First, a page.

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kash3338
PostPosted: Fri Jan 11, 2013 1:43 am Post subject: Re: Suggestion on Flow Design Reply with quote

Shaman

Joined: 08 Feb 2009
Posts: 709
Location: Chennai, India

From the design you have explained, the Status flow just triggers the Trigger Flow and the message is not used in it by any means. Hence your option of using a MQIput Node for the Trigger Flow should be dropped and make use of the Timer Node in 'Automatic' mode (10 sec interval).

That is the purpose of Timer Nodes.

cvag wrote:

I developed using Timer nodes, but the requirement has changed that it has to be done without Timer nodes.


Why should it be done with out Timer Nodes?

cvag wrote:

I checked for several options for events on the Queue but its becoming complex design.


The use of Timer Nodes are just to reduce such complex designs.
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neWMBGuy
PostPosted: Fri Jan 11, 2013 7:49 am Post subject: Reply with quote

Novice

Joined: 01 Aug 2012
Posts: 19

use shell script (thru cron) to Trigger the flow with MQ message.

if you need help with script i can share script to use amqsput...
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visasimbu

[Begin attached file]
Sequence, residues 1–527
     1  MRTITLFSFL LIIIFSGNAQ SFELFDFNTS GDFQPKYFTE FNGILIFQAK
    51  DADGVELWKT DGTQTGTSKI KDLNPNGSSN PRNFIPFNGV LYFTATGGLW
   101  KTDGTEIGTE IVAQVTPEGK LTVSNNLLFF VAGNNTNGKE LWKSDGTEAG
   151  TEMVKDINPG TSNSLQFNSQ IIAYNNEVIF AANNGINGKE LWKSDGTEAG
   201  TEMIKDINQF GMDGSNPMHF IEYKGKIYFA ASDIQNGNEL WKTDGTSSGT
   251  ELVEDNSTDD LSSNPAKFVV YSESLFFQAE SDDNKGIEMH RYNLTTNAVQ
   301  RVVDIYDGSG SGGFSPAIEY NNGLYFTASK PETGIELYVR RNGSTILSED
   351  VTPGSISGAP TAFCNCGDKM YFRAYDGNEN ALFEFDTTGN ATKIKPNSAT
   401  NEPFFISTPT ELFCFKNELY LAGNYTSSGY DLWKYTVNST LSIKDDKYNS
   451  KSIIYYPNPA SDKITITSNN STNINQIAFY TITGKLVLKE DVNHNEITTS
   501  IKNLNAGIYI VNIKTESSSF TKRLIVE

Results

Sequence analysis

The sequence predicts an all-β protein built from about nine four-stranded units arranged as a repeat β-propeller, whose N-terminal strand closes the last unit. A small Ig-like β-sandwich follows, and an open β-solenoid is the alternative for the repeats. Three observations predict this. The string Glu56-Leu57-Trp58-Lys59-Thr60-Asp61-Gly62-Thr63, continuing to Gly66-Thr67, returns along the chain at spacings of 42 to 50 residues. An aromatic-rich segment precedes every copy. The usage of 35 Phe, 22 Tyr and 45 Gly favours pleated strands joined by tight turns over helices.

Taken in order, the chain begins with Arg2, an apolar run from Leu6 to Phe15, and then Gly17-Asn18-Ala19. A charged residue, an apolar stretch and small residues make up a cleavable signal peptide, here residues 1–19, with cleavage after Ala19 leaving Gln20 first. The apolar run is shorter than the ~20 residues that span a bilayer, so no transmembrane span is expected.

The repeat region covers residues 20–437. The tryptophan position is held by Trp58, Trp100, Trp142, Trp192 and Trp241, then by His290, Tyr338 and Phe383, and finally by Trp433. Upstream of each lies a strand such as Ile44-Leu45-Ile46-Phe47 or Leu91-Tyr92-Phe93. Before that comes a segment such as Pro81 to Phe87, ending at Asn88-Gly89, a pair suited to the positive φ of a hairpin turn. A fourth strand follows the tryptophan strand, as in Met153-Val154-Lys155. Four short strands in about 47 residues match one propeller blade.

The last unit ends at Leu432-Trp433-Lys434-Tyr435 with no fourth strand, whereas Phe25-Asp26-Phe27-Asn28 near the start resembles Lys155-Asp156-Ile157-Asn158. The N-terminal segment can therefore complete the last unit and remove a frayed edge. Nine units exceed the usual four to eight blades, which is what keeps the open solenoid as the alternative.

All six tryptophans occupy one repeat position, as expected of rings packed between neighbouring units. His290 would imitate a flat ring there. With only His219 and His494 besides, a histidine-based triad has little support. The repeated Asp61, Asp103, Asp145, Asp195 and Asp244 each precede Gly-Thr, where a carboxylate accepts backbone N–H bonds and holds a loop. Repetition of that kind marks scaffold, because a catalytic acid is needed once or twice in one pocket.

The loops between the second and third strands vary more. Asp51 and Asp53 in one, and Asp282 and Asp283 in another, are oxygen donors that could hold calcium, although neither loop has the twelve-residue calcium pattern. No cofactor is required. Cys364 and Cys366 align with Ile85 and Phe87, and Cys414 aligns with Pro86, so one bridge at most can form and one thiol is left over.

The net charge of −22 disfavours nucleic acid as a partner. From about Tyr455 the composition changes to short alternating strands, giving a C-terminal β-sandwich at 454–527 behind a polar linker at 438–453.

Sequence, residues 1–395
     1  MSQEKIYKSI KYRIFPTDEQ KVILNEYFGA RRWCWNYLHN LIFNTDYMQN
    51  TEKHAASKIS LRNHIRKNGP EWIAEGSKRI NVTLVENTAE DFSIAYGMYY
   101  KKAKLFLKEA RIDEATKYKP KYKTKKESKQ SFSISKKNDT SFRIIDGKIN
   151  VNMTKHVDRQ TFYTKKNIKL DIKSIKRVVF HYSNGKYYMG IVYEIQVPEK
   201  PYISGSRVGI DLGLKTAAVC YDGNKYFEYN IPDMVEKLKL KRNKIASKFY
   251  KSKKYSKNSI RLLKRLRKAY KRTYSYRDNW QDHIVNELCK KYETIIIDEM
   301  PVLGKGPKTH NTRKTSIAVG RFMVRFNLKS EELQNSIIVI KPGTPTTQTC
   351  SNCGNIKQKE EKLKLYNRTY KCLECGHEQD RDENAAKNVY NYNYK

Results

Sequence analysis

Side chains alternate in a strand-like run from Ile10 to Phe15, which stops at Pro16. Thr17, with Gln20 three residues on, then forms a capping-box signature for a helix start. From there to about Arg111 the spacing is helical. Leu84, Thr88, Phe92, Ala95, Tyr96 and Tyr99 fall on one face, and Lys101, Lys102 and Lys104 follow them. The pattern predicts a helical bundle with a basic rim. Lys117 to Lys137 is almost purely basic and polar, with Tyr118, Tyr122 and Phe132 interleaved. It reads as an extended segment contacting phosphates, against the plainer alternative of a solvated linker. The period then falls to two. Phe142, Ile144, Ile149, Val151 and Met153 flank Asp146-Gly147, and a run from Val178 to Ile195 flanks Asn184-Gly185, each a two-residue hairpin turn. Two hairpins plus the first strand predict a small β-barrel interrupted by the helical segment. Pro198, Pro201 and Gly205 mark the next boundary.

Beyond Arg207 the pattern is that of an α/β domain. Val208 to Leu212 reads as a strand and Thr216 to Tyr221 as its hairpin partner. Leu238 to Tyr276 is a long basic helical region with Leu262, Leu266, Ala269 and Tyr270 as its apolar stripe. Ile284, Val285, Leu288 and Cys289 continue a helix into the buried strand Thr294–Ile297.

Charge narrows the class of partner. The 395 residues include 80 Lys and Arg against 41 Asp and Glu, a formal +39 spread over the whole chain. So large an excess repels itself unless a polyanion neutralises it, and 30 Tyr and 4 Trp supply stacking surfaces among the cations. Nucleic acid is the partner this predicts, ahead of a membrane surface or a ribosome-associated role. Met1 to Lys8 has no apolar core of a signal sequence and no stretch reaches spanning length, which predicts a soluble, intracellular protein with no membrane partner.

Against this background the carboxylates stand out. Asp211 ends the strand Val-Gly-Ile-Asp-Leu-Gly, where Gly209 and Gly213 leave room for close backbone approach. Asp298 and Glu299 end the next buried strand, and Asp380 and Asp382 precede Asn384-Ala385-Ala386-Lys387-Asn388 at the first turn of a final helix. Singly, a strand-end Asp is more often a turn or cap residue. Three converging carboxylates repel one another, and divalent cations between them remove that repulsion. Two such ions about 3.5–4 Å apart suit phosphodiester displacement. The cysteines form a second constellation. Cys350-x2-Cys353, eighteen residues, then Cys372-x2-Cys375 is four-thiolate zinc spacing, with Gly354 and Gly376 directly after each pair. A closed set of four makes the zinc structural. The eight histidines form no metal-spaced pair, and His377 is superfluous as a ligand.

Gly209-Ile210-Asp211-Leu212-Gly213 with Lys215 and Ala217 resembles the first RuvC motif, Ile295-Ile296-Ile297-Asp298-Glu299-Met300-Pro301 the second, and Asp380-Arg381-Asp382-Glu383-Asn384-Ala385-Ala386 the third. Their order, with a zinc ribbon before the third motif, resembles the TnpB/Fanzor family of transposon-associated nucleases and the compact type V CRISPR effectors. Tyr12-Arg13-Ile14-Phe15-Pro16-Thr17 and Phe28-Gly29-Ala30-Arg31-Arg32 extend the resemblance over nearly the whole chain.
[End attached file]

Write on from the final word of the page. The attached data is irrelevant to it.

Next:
PostPosted: Fri Jan 11, 2013 9:13 am Post subject: Reply with quote

Disciple

Joined: 06 Nov 2009
Posts: 162

Shell script will be one of the option, if timer is not available.

Write the shell script with following check.
check the last put time of the Trigger flow input queue. If it is greater than 10 sec put dummy message in the Trigger flow input queue to activate the trigger flow and followed by the status flow.

Shell script can be triggered in every 10 sec using UNIX scheduler Cron or use the Control M Job.


Last edited by visasimbu on Fri Jan 11, 2013 9:28 am; edited 1 time in total
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NealM
PostPosted: Fri Jan 11, 2013 9:24 am Post subject: Reply with quote

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Joined: 22 Feb 2011
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Are you on MB8? Here's a thought:
1. Leave your status flow as-is.
2. On the trigger flow, change that MQInput queue to an MQGet with a 10 second timeout inside an endless loop (that contains at a minimum the MQGet and MQOutput nodes, and maybe a Compute node if that status message is not just a constant).